Designing a Purpose-Driven Organization

The purpose-driven organization is drawing greater attention as employees seek more meaning in their work and corporate leaders align their corporate missions with larger social goals. Organizations built around a strong central purpose that goes beyond simply making a profit offer employees the opportunity to contribute to society as a whole, creating better outcomes for workers and organizations alike.

“A higher purpose is not about economic exchanges,” authors Robert E. Quinn and Anjan V. Thakor wrote for Harvard Business Review. “ It reflects something more aspirational. It explains how the people involved with an organization are making a difference, gives them a sense of meaning, and draws their support.”

Purpose-driven organizations enjoy a number of competitive advantages over those that are not aligned with a meaningful mission. They have highly-motivated employees who work harder, bring more creativity to their tasks, and stay in their jobs longer. The influx of millennials into the workplace has further emphasized organizations’ social and environmental impacts and responsibilities. Gallup polls indicate only one-third of U.S. employees find their work meaningful, suggesting recruitment and retention advantages for purpose-driven organizations in the job market. A PWC survey found 79 percent of executives believe purpose is central to business success. Other studies found “purposeful” companies outperform the stock market by 42 percent, while companies without a purpose statement underperform by the same margin.  

To illustrate the benefits and challenges of a purpose-driven organization, I recall an experience several years ago with a healthcare organization that is one of our clients. When I first arrived, I was impressed by all the people in the organization who seemed highly committed to helping other people through their work activities. In every meeting I attended, I got the sense that people really seemed to care about health and well-being, and that the organization focused on serving families and family members.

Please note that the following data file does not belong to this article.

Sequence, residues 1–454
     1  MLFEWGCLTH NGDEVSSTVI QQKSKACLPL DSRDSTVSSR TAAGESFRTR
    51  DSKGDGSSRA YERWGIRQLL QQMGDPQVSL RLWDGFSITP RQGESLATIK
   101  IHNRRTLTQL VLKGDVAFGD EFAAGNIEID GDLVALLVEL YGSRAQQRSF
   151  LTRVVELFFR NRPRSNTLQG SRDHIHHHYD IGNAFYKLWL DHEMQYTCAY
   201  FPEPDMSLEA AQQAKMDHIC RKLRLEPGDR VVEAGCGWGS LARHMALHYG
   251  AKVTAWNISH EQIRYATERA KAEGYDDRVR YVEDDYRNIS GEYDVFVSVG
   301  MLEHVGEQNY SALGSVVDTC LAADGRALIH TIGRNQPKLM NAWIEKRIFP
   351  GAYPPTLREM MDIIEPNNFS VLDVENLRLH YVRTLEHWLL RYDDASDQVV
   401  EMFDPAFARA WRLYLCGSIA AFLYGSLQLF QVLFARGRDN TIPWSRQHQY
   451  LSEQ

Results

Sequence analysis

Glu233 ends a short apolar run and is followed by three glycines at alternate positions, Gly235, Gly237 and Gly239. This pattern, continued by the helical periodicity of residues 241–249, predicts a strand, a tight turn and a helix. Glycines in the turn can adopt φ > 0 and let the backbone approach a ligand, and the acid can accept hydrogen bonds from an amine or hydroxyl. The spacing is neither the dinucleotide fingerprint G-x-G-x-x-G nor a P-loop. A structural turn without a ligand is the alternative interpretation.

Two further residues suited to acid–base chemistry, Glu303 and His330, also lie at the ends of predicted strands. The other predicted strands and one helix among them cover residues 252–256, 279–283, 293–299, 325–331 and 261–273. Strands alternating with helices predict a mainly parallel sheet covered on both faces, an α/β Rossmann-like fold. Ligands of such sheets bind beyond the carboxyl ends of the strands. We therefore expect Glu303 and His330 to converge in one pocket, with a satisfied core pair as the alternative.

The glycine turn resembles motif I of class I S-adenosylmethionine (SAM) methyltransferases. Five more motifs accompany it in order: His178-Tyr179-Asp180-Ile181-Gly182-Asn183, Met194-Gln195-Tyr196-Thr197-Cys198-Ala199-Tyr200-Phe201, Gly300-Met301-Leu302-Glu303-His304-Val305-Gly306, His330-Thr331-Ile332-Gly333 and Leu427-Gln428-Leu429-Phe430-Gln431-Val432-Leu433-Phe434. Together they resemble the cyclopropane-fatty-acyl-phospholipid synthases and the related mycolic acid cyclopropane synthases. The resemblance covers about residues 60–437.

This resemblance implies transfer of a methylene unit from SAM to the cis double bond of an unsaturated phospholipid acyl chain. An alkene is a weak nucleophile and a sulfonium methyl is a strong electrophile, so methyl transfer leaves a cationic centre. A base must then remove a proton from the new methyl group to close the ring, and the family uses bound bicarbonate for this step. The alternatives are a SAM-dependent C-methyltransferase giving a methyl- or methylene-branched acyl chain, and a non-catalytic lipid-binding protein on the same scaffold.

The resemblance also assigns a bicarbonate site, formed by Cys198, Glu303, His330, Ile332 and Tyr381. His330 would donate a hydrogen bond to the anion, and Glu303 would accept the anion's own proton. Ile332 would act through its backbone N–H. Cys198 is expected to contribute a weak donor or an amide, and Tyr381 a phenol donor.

As I spent more time in the operations units of that organization, I continued to feel that sense of purpose — particularly among the frontline workers. People said they joined the organization to make a difference, to serve other people, and because they believed they could help make people healthier.

At the same time, I also began to discover there was a healthy cynicism in the organization. The reality we saw throughout the organization was a disconnect between that purpose, and the tools and structures that should support employees working to fulfill that purpose. There was a lack of investment in the necessary processes and systems that would make it easier and more helpful to do business with the organization. The employees witnessed constant scrutiny over headcounts and the costs of delivering service. They also saw an organizational structure that was highly fragmented. Ownership and accountability for one part of the customer experience and interaction was assigned to one part of the organization, while other parts of the customer experience were owned by other areas. As a result, people began to doubt the organization’s real commitment to its purpose and its mission, fueling further cynicism.

This organization was fortunate that it had built this truly meaningful connection for people. However, through the way the leaders managed and ran the organization, they had lost that competitive advantage that being purpose-driven often brings.

For example, if someone worked in a factory, you could easily see how employees might think, “I’m just here to make money. I question whether the company is concerned about our well-being or helping people build better lives. They are probably just in it for the profit.” These types of businesses are often highly focused on their own profitability. We might say they do not have a greater purpose: they are just a profit machine or a means to get something done.

The organization I was associated with did enjoy many advantages. They had a purpose, and their people were passionate and committed to that purpose. However, in spite of that purpose, the organization basically squandered those intrinsic advantages by not being organized in ways to take advantage of people’s real passion and commitment.

Leveraging a purpose-driven organization requires leaders to do more than simply talk about the purpose. They also need to make the right moves to make it easy and acceptable for people to deliver on their promises to customers, fellow employees, and themselves.

What can leaders do to take advantage of the intrinsic value their organization can offer? Here are a few methods they can use to avoid squandering those opportunities:

  • Don’t put the wrong leaders in the wrong roles.
  • Assign accountabilities clearly and appropriately.
  • Make the right investments in systems and processes.
  • Align corporate strategy with purpose.

Examining the sides of our organization Cube Model suggests several key considerations to help ensure you deliver on the potential of the purpose-driven organization. Major factors such as structure, culture, talent, metrics, leadership, and how the work is done can drive more than just an effective organization; they can enable an organization to tap into the intrinsic energy and purpose that people want to have when they are at work – the desire to contribute to something larger than themselves.

As the disruptions of the pandemic ease and leaders begin to think about returning to a “normal” environment, they should also examine whether their organizations are reaping all the benefits possible by properly aligning purpose and profits.